Download the package:
C:\> pip install sphinx_rtd_theme
html_theme = "sphinx_rtd_theme"
html_theme_path = [sphinx_rtd_theme.get_html_theme_path()]
In order to configure and use Read the Docs in Windows environment you need to follow these steps:
Go to http://python.org/ and download version 2.7.x
Follow the Windows installer for Python.
Please select “Add python.exe to Path”.
Complete the installation.
Now run the Command Prompt (with Admin privileges). After command prompt window appear, type python and Enter.
If the Python installation was successful, the installed Python version is printed, and you are greeted by the prompt >>>.
Type Ctrl+Z and Enter to quit.
Otherwise, if python command was not found you must insert manually these lines in the Environment Variables Path:
To install pip, download https://bootstrap.pypa.io/get-pip.py and save it somewhere. After download, invoke the command prompt, go to the directory with get-pip.py and run this command:
C:\> python “<folder_path>\get-pip.py”
Now pip command is installed. From there we can go to the Sphinx install.
If you finished the installation of pip, type this line in the command prompt:
C:\> pip install sphinx
After installation, type sphinx-build on the command prompt. If everything worked fine, you will get a Sphinx version number and a list of options for this command.
The root directory of a Sphinx collection of reStructuredText document sources is called the source directory. This directory also contains the Sphinx configuration file conf.py, where you can configure all aspects of how Sphinx reads your sources and builds your documentation.
and answer its questions. (Be sure to say yes to the “autodoc” extension.)
> Root path for the documentation [.]: <Enter>
You have two options for placing the build directory for Sphinx output. Either, you use a directory “_build” within the root path, or you separate
“source” and “build” directories within the root path.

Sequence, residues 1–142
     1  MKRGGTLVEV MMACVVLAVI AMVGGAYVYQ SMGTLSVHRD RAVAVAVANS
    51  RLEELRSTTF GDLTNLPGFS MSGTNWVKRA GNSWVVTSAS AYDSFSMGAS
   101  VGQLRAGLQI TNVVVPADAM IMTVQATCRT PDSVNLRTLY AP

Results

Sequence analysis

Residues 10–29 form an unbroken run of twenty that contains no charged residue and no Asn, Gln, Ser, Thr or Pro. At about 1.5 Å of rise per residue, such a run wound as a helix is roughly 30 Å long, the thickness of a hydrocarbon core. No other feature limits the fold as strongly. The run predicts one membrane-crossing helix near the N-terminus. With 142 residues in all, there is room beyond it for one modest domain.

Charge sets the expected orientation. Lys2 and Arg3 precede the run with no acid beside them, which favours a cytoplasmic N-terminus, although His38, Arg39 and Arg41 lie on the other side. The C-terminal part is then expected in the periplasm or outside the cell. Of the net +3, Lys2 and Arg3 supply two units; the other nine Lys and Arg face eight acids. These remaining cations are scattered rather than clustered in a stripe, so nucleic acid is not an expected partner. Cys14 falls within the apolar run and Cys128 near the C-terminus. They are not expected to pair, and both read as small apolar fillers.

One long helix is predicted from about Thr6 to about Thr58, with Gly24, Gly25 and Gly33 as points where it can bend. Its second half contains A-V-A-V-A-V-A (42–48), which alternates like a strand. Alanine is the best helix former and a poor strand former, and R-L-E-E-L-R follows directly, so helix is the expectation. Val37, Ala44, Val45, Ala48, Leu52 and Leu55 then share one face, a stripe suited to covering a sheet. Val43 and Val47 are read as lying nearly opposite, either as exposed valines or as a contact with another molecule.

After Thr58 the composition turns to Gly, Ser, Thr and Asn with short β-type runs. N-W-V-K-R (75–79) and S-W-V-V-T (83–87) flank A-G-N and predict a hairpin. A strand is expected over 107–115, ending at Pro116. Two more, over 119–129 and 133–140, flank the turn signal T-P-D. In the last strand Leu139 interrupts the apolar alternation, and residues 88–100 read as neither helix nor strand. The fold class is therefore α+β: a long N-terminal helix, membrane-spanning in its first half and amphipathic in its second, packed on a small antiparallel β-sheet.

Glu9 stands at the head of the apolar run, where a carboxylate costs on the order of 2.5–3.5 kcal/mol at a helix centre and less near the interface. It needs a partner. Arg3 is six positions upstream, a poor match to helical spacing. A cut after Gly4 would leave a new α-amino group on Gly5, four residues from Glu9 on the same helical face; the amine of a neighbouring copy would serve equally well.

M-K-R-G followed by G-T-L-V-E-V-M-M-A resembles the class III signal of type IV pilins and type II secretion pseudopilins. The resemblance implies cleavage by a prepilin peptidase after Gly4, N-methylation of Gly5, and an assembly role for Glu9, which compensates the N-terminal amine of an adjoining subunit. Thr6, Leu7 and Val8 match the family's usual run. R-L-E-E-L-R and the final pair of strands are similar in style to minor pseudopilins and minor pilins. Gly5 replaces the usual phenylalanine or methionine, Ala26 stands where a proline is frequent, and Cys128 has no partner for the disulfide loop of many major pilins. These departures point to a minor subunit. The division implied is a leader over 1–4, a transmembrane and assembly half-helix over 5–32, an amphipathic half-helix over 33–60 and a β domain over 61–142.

> Separate source and build directories (y/n) [n]: y
Inside the root directory, two more directories will be created; “_templates” for custom HTML templates and “_static” for custom stylesheets and other static files. You can enter another prefix (such as “.”) to replace the underscore.
> Name prefix for templates and static dir [_]: <Enter>
The project name will occur in several places in the built documentation.
> Project name: <project_name>
> Author name: <author_name>
Sphinx has the notion of a “version” and a “release” for the software. Each version can have multiple releases. For example, for Python the version is something like 2.5 or 3.0, while the release is something like 2.5.1 or 3.0a1. If you don’t need this dual structure, just set both to the same value.
> Project version: 1.0
> Project release [1.0]: <Enter>
The file name suffix for source files. Commonly, this is either “.txt” or “.rst”. Only files with this suffix are considered documents.
> Source file suffix [.rst]: <Enter>
One document is special in that it is considered the top node of the “contents tree”, that is, it is the root of the hierarchical structure of the documents. Normally, this is “index”, but if your “index” document is a custom template, you can also set this to another filename.
> Name of your master document (without suffix) [index]: <Enter>
Sphinx can also add configuration for epub output:
> Do you want to use the epub builder (y/n) [n]: y
Please indicate if you want to use one of the following Sphinx extensions:
> autodoc: automatically insert docstrings from modules (y/n) [n]: y
> doctest: automatically test code snippets in doctest blocks (y/n) [n]: y
> intersphinx: link between Sphinx documentation of different projects (y/n) [n]: y
> todo: write “todo” entries that can be shown or hidden on build (y/n) [n]: y
> coverage: checks for documentation coverage (y/n) [n]: y
> pngmath: include math, rendered as PNG images (y/n) [n]: y
> mathjax: include math, rendered in the browser by MathJax (y/n) [n]: y
> ifconfig: conditional inclusion of content based on config values (y/n) [n]: y
> viewcode: include links to the source code of documented Python objects (y/n) [n]: y
A Makefile and a Windows command file can be generated for you so that you only have to run e.g. `make html’ instead of invoking sphinx-build directly.
> Create Makefile? (y/n) [y]: y
> Create Windows command file? (y/n) [y]: y
Creating file .\source\conf.py.
Creating file .\source\index.rst.
Creating file .\Makefile.
Creating file .\make.bat.
Finished: An initial directory structure has been created.
You should now populate your master file .\source\index.rst and create other documentation
source files. Use the Makefile to build the docs, like so:
where “builder” is one of the supported builders, e.g. html, latex or linkcheck.
And now … Start the Docs 😉